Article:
“For instance, a district official is not ignorant about the status of health facilities in the district, but to what extent are they acting on it, or are empowered to act on it? States with strong public health systems such as Kerala have managed to deal with such crises, while in those with a weak public health system, it is the poor and the most vulnerable who suffer the most,” Nandi adds.

Since 2012, a standard operating procedure (SOP) has been in place to deal with AES cases in the state. The SOP, revised last year, lists the steps to be taken — such as tap water sponging, correctly positioning the patient and infusion of adequate glucose — at various levels to manage AES.

The government says in its affidavit that 6,656 copies of a booklet have been distributed to medical college hospitals, district hospitals and primary health centres to spread awareness on AES, and a soft copy of the SOP has been uploaded on the web page of the state health department.

It also points out that of the 12,206 sanctioned posts for medical doctors in the state, including contractual ones, only 5,205, or 43 per cent, are filled. There is also an acute shortage of nurses, auxiliary nurse midwives and laboratory technicians.

The state government says that it has provided gadgets such as infantometers (height-measuring device) and weighing scales to frontline workers to monitor children. Smartphones have been provided for data transmission.

But of the 1,14,718 anganwadi (childcare) centres that are sanctioned, only 99,795 are functional, according to the Bihar government affidavit. ICDS, a centrally sponsored scheme implemented by state governments and union territories, covers anganwadi services. It has the potential to be a nutrition/food safety net for poor families.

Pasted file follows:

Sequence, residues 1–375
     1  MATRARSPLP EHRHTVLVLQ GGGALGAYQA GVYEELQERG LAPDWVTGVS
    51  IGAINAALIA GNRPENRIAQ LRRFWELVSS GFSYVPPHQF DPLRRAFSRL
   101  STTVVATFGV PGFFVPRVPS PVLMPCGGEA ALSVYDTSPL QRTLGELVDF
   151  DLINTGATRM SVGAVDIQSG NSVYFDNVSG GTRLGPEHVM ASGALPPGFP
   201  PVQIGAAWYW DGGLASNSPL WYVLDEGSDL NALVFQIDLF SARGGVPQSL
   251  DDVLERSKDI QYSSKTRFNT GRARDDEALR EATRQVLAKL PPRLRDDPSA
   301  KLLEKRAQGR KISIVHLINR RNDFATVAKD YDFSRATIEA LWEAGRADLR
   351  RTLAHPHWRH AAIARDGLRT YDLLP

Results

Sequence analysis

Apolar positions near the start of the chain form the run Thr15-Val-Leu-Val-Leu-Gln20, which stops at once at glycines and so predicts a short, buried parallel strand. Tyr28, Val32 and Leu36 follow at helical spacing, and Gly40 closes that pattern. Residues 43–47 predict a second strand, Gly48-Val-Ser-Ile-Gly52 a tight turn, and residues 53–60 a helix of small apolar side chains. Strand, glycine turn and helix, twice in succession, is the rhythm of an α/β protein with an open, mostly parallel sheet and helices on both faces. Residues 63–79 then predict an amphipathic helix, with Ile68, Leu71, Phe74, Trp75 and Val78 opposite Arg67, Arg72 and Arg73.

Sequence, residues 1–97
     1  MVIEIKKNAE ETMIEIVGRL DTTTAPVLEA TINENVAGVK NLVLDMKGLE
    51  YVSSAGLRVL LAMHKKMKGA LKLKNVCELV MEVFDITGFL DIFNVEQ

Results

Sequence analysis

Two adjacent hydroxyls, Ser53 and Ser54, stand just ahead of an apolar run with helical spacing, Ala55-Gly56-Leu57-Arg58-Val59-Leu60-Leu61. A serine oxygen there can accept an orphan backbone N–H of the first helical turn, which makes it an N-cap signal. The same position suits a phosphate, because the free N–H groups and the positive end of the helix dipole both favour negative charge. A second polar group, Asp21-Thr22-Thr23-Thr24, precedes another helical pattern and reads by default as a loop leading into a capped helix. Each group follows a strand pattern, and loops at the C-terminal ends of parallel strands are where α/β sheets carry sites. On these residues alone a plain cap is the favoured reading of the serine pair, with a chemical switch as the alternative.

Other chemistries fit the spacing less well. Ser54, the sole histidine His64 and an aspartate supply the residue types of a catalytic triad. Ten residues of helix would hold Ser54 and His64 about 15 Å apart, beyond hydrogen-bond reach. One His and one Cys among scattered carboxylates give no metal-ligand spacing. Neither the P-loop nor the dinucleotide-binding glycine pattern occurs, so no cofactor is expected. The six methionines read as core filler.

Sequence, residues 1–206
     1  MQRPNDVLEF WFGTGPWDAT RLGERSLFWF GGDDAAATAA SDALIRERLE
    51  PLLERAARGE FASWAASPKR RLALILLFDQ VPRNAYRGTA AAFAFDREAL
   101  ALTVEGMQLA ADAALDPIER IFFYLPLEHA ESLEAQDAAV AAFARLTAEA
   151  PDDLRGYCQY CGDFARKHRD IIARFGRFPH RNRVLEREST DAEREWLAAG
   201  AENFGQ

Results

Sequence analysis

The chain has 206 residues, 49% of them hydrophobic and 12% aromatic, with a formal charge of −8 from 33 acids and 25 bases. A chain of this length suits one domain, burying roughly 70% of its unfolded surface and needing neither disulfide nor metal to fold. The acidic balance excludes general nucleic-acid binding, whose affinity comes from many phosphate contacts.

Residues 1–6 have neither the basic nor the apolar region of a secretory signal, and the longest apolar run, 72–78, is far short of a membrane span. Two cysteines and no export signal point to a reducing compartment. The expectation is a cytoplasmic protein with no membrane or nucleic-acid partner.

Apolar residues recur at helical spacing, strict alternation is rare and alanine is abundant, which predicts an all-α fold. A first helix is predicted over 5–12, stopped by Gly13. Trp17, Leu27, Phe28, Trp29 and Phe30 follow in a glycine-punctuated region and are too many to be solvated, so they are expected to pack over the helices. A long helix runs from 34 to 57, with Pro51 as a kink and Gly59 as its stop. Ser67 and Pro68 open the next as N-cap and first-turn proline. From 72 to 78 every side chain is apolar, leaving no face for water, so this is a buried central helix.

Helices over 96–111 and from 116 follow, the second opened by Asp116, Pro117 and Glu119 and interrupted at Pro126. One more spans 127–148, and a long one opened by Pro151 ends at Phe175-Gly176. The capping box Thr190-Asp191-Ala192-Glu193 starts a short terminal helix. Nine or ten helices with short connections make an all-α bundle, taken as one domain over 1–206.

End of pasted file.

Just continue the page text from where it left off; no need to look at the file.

But “ICDS is failing the poorest quintile. Our diagnosis is that this is largely because many of the poorest mothers and children in India live in states such as Bihar where ICDS is in particularly poor shape. Despite improvements over time, in 2016, just about 40 per cent of Bihar’s children had received ICDS services,” says Purnima Menon, senior research fellow at the global think tank, International Food Policy Research Institute.

Menon believes the POSHAN Abhiyaan (National Nutrition Mission), launched last year, has a huge role to play here. “What is urgently needed is that the national efforts around POSHAN Abhiyaan push hard for Bihar to get the basics right in the context of their ICDS services — infrastructure, human resources, provision of food, other ICDS programme services — to all target beneficiaries,” she says. “If the basics are working, then the programme can do more in a crisis period. But if the basics are not in place, it’s going to be very difficult to respond in a crisis.”

Patralekha Chatterjee is an independent journalist based in Delhi

Published on July 12, 2019